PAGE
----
We note destinctive age trends associated with boys clothes in the late-19th century. They vcaried from family to family with the mothr commonly deciding on the clothes for the girls and pre-teen boys. Social class was also a factor with more affluent families often more concerne with age grading, in part because they were more concerned about appearances social status and could afford to do something about it. Younger boys wore skirted garments. The kilt suit might be used as a traditional garment. The age of breaching varied from family to family. Garments included dresses, kilts, kilt suits, and tunics. After breeching the boys might wear Funtleroy suits, sailor uits, and a range of regular suits, including cut-away jacket and Norfolk suits. Younger boys wore the cut-awwy jacket and commonly progressed to more mature suits. Sailor suits ere also popular after a boy graduated from Fauntleroy suits. Some younger boys might have both, using the Fauntleroy outfit for paties or other dessy occassions. Neckwear often played a major role in age grading. The younger boys might wear large floppy bows. We note bows being added to a variety of outfits. Pre-teen boys wearing regular suits might wear floppy bows.

Hair Styles

Most American boys in the late-19th century wore short hair. This was in contrast to the longer hair styles popular at mid-century. While short hair was standard, there were other styles. The most famous were ringlet curls. This was part of the the Fauntleroy craze that Mrs. Burnett initiale with her book (1885). Some boys wore long shoulder-length hair done in runglets. American mothers especially liked to curl their son's long hair into fashionable ringlets. This style was not nearly a popular in Europe. While not as common as short hair, the Fauntleroy ringlet curls was widely worn by American boys. It was an established style in the 1890s.

Materials




Figure 7.--These Missouri (mid-western) boys and their parents were photographed in the late 1890s. They wear less expensice ruffled collars, rather than lace collars, and no wrist trim. They wear inexpensive versions of the classic velvet Fauntleroy suit which could be quite expensive. Note the very small bows.

Decade Chronolgies

The proliferation and falling cost of photography provide us far greater information about fashion than ever before. Of course there are many more images from the 1890s than the early decades, in part because of rising income levels and falling costs of studio portrits. Even so there are substantial numbers of photograps availablr from the 1870s andc80s. Most of the images, especially of children, were studio images--almost always dressed up in their best outfits. Images of everyday clothes do not begin until the development of amateur snapshots at the turn of the century. Fashion magazines continue to expand, including the publication of patterns. Magazines achieved runs that can be called mass circulation by the 1890s.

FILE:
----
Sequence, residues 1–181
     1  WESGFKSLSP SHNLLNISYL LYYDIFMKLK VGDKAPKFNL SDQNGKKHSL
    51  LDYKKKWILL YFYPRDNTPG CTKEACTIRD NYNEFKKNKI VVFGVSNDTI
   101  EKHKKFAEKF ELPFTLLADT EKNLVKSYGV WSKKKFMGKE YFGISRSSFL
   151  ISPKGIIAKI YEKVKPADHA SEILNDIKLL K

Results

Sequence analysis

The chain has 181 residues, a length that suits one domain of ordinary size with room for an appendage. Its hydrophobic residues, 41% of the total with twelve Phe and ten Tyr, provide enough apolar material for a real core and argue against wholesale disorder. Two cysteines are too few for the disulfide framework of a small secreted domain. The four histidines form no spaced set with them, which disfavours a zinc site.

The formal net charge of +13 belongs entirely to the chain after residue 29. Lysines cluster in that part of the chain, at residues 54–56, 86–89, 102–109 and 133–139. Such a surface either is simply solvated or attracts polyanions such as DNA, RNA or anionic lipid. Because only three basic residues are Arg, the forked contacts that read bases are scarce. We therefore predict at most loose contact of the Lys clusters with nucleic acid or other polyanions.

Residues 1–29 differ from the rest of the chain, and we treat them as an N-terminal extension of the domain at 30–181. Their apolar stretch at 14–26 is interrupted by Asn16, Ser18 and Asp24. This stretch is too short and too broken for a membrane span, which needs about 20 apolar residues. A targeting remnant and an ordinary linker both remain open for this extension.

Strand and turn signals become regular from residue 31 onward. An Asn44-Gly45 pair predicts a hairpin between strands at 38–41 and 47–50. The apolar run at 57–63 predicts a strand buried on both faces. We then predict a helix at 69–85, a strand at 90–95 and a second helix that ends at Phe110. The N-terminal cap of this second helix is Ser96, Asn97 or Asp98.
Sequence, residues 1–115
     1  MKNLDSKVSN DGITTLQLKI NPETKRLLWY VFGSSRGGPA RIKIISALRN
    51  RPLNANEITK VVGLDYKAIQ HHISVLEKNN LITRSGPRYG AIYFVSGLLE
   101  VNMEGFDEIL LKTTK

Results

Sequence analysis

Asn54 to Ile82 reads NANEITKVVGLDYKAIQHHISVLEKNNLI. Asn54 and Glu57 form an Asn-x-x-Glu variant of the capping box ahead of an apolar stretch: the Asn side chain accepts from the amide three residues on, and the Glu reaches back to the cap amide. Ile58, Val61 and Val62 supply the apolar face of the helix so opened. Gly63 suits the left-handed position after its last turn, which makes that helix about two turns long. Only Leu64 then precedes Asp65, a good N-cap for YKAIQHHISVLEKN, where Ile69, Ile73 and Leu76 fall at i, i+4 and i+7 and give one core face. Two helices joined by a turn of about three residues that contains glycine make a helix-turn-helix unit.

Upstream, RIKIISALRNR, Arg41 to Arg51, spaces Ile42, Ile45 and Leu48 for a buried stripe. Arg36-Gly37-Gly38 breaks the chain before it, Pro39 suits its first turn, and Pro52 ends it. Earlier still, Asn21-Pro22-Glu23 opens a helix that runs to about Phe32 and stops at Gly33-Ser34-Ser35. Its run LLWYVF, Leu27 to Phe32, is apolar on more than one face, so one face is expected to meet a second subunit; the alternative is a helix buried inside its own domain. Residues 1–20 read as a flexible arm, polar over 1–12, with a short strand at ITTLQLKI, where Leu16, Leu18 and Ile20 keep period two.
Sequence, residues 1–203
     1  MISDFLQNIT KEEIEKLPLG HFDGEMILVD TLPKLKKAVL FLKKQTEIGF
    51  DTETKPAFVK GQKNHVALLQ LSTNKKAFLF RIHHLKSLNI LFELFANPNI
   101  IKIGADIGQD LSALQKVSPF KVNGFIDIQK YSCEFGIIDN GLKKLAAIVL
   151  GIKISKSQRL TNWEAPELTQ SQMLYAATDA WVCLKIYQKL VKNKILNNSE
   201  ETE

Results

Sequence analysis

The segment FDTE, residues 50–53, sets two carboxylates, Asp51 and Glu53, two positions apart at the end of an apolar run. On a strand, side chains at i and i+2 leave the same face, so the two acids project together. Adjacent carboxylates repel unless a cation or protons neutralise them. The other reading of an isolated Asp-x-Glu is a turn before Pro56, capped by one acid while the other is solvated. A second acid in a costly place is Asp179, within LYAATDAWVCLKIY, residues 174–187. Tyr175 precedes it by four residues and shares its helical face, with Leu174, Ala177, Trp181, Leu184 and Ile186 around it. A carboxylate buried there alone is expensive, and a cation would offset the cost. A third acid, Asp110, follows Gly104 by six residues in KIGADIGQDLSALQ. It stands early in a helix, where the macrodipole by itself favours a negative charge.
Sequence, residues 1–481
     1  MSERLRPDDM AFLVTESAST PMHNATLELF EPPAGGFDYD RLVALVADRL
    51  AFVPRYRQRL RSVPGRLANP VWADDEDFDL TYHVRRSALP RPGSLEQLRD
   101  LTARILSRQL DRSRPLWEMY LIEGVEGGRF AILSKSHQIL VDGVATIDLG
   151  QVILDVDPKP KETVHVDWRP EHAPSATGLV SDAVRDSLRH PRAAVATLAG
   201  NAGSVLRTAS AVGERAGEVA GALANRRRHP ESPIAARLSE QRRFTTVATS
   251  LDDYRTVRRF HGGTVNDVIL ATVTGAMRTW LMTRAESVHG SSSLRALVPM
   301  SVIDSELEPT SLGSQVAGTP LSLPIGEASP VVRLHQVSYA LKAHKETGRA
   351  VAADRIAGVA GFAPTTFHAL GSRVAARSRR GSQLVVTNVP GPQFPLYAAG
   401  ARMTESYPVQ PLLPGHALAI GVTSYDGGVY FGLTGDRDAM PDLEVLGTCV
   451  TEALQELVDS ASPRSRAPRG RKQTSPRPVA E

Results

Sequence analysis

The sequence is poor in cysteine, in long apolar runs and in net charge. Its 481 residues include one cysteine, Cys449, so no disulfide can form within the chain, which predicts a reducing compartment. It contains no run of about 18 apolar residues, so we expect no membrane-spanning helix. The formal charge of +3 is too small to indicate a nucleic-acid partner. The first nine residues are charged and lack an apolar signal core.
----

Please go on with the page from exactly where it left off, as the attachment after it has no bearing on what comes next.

Youth Culture

The Civil War (1861-65) was a great empetus to the growt of industry in the northern satates tomsupport the war effort. This accentuated earlier demographic and social trends like urbanization and industrialization. By the 1870s these trends had significantly changed America from the agrarian andcraft-based economy of the 18th century. By the 1890s, America had become one of the world's industrial powers, on an economic par with the major European powers. The impact was far reaching. Youth were now spending considerable time in school. Almost all children received at least some schooling and increasing numbers were now finishing primary school, although secondary school was still largely for urban children from affluent families. This meant that children were much more dependent on their parents for a longer period. Until the early 19th century, most boys lived on the farm or were apreticed at about age 12. Boys were still apprenticed in the mid-19th century, but many more boys continued their education for longer periods. This development was giving rise to a new phemomenon--youth culture that was to have a great impact on fashion and dress. It was to have other benign consequences. Pre-Civil War newspapers report youth "gangs" and "juvenile delinquency" in the larger cities. High school fraternities and sororities, though not as violent as gangs, were a matter of concern and prohibited by a number of states in the Progressive Era. [Graebner, pp. 11-13.]

Sources

William Graebner, Coming of Age in Buffalo: Youth and Authority in the Postwar Era (Temple University Press, 1990).






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Created: June 12, 1999
Last updated: 4:39 PM 3/8/2013